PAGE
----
Chuck Sambuchino and a slew of other editors of Writer’s Digest Books have outdone previous editions of FSYM as well as similar books on the market because, not only do they provide detailed instructions on how to format screenplays, scripts, and manuscripts, they also demonstrate how to put together query letters and nonfiction book proposals. They show dozens of good and bad examples to boot, so you can see where you fall on the spectrum.
In addition to formatting Do’s and Don’ts, FSYM is loaded with tips from industry professionals such as literary agents, award-winning authors, screenwriters, playwrights, editors, and producers. Aside from all the great info, one of my favorite aspects of this edition is that Sambuchino and the gang uses The Office, How I Met Your Mother, as well as other popular, modern shows to demonstrate proper style. Not only is it cool to see snippets of your favorite TV shows’ scripts, but this touch makes the whole thing more authentic—to see this formatting in action in a “real” script as opposed to a generic one crafted by the editors just to give the example.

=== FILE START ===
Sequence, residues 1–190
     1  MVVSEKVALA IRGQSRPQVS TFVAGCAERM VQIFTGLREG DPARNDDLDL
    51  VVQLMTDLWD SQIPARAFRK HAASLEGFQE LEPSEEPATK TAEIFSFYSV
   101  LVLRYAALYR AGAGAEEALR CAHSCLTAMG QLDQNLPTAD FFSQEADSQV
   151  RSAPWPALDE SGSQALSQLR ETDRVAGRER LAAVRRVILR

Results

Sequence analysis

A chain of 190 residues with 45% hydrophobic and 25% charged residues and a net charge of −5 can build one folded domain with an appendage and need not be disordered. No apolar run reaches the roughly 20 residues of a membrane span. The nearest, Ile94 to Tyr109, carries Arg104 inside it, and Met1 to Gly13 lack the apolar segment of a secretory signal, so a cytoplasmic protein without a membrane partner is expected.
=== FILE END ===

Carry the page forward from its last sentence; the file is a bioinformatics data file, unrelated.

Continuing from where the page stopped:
I highly recommend it, no matter what kind of writing you do—no matter where you are in your career. Sambuchino and his colleagues do a great job of explaining the query and submission processes in ways that are palatable enough for beginners to understand; but they also pack each page with information even the most seasoned scribes need.
I didn’t even bother making room for FSYM on my bookshelf because it’s one of those titles I reach for so often, it didn’t make sense to keep it out of arms’ reach.
Um … did you order it yet?
Here’s a link with more info on it.
*FSYM is one of my main resources/references in my session at RWA Nationals in Orlando, Sweat the Small Stuff: Getting Your Work Read & Represented.